Hitachi Develops Compact Direct-Drive System for EVs
Compact, Lightweight Direct-Drive System to Make In-Wheel Electric Vehicles Closer to a Production Reality
Hitachi, Ltd. (TSE: 6501, “Hitachi”) and Hitachi Astemo, Ltd. (“Hitachi Astemo”) today jointly announced the development a compact, lightweight direct-drive (1) system for the increasingly popular EV segment, (2) which combines the motor, inverter, and brake into a single unit (Fig. 1). This enables the installation of the entire system into the wheel, thus moving the world one step closer to a zero-emissions society. The new motor transmits the high drive force necessary to run an EV directly to the wheels, and its lightweight design and world-class 2.5 kW/kg power density (3) significantly limit the weight increase traditionally associated with in-wheel units. Moreover, adopting an in-wheel unit does not require a substantial change to the existing configuration of the suspension and other components. Driveshafts and other indirect mechanisms have been eliminated, allowing motor power to be applied directly to EV operation. This reduces energy loss by 30 percent and increases the range on a single charge compared to existing EVs.
Hitachi and Hitachi Astemo will continue research into practical implementation of the technology, which enables more expansive interior and battery installation spaces. In addition to the vehicle control technology it has been developing, Hitachi Astemo will apply the new direct-drive system to its already-extensive, global EV product lineup.
Background and Additional Information
There is growing investment activity and technological development towards realizing a decarbonized society. In the motor vehicle sector, there is an especially strong legislative push for transitioning from gasoline-driven vehicles to EVs. In conventional EVs, the drive system is placed on the chassis, which limits interior and/or battery space. Fitting the motor inside a wheel has been identified as a solution, but this increases the weight in the wheel and requires sweeping changes to the existing brake and suspension components.
To address this, Hitachi and Hitachi Astemo’s lightweight direct-drive system—drawing on Hitachi Group’s broad technology and product development in the mobility space that includes railways and elevators—combines motor, inverter, and brake into a single in-wheel unit for EVs. The features of the technology are as follows:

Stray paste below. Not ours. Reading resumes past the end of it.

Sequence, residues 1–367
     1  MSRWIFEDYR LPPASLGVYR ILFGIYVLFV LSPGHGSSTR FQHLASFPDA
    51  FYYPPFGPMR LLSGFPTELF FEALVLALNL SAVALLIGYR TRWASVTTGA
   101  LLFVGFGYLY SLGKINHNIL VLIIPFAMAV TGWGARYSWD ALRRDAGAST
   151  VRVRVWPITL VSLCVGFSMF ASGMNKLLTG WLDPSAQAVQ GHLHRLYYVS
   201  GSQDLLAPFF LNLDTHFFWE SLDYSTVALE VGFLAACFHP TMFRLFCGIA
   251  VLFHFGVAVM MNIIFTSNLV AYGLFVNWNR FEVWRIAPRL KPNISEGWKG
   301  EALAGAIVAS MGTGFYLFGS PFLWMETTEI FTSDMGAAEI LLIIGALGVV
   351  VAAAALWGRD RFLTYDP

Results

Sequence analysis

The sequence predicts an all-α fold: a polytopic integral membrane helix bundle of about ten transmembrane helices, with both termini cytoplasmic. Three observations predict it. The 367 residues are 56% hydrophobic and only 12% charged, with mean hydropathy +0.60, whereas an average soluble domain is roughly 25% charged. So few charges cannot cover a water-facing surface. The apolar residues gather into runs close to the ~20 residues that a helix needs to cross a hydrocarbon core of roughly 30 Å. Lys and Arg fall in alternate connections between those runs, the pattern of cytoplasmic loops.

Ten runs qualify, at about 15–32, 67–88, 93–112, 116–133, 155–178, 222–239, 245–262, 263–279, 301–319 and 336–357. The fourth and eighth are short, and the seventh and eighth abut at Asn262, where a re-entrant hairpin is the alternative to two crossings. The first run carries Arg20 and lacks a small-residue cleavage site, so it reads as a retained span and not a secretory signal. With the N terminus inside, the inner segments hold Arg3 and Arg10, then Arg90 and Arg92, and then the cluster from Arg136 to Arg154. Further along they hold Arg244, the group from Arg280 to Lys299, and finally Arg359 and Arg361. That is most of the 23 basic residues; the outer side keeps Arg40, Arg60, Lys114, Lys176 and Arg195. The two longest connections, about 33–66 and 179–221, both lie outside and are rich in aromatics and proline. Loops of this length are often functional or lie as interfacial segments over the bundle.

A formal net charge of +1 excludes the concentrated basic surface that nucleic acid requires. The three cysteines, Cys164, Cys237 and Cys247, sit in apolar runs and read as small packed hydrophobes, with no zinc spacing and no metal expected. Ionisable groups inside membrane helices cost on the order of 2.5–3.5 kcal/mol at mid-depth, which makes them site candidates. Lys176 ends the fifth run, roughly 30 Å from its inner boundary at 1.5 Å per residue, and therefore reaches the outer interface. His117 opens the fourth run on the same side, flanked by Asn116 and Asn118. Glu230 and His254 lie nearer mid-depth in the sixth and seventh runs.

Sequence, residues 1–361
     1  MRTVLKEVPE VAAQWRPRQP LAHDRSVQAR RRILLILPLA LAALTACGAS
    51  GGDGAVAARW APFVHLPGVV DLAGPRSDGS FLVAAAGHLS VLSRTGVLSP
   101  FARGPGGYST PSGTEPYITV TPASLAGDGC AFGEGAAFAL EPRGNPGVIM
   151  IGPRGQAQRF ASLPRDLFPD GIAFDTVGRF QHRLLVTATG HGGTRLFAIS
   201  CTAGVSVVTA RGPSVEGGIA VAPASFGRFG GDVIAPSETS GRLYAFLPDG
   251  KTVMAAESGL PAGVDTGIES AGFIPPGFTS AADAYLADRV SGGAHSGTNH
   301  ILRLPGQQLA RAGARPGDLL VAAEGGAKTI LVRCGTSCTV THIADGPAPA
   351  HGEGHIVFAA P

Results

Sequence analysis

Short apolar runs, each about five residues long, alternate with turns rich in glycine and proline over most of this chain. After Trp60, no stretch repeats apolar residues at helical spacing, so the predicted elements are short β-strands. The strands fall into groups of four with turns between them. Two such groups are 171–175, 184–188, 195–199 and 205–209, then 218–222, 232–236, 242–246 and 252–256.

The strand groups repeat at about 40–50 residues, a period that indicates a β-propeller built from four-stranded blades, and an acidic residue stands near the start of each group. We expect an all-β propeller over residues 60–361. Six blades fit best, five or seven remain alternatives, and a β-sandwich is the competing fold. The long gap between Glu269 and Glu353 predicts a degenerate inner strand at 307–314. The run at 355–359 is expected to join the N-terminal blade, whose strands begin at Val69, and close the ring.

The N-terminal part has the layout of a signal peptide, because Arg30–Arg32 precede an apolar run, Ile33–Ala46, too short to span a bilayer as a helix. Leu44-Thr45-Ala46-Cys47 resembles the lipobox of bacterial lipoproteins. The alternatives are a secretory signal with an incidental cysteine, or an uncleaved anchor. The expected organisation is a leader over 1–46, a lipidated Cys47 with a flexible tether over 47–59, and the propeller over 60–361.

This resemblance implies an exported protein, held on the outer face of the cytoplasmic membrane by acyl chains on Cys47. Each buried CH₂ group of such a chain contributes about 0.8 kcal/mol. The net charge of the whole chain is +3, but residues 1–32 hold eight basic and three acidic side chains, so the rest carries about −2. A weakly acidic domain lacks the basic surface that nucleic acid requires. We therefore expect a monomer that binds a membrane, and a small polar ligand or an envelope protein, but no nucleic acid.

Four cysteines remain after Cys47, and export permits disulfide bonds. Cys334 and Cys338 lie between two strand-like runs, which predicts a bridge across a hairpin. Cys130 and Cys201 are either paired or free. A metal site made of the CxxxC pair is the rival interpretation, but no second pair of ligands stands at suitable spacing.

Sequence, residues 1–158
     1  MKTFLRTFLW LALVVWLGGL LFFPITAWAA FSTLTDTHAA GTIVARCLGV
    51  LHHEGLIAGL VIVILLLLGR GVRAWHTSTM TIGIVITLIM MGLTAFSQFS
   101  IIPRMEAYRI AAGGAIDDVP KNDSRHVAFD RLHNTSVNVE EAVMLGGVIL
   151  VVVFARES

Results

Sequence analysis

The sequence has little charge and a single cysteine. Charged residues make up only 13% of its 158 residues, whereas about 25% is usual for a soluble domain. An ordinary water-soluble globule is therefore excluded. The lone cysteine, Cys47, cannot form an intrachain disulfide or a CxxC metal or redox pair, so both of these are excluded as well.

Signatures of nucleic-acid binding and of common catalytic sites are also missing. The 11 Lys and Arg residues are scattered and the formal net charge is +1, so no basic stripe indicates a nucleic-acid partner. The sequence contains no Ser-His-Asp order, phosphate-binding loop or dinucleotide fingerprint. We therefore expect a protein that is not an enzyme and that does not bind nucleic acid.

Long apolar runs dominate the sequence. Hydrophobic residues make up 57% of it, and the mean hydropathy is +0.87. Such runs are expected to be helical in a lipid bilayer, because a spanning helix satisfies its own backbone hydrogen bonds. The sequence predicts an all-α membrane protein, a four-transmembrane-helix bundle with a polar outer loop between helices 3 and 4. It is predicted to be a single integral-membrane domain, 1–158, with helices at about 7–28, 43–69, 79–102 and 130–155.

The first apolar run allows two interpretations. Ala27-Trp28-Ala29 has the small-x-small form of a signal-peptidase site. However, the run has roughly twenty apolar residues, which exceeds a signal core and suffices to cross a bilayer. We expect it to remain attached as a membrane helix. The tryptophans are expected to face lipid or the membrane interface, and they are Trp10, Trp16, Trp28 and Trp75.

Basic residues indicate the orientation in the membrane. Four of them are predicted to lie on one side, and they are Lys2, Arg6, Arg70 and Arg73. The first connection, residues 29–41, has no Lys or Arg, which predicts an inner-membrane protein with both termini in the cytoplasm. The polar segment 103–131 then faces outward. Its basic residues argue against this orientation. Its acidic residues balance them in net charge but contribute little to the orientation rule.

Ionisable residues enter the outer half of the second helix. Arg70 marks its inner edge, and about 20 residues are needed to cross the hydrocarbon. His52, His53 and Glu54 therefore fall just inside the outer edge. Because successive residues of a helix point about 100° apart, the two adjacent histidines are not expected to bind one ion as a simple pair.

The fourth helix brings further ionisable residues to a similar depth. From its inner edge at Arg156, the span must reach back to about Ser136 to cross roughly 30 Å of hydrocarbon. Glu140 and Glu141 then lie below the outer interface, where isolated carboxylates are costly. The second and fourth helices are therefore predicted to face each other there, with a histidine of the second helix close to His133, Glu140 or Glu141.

Increasing the number of magnetic poles is effective in improving a motor’s drive force, but has shortcomings—namely, that it reduces the proportion of magnetic flux that can be effectively used, and necessitates more coil weld points and welding space. By placing the magnets in a Halbach array, (4) Hitachi and Hitachi Astemo have succeeded in improving drive force by increasing the effective magnetic flux of each magnetic pole, and made the motor lighter by using beam welding (5) to create a high-density array of flat coils, thus achieving world-class 2.5 kW/kg power density. This limits the in-wheel weight increase of the EV, and avoids the increased energy consumption that’s characteristic of conventional, heavier in-wheel systems.
Prior EV motors have low power density and monopolize space inside the wheel to provide sufficient drive force, which make it difficult to use existing brakes and suspension components. Space is also needed for a dedicated and electrically insulated coolant channel, which prevents electrical faults from occurring when power semiconductors in the inverter come in contact with coolant. The newly developed system uses direct-cooling technology, in which high-insulating cooling oil directly cools the power semiconductors and is cycled to the motor to directly cool the coils. This combined with the single-unit drive system—which integrates a motor, brake and inverter—significantly reduces the space taken up by cooling pipes, and enables in-wheel installation without having to significantly alter the existing configuration of suspension and other components.
The technology will be exhibited in part at the 30th Aachen Colloquium, from October 4 to 6 in Aachen, Germany.
This article was originally published by Hitachi, Ltd..
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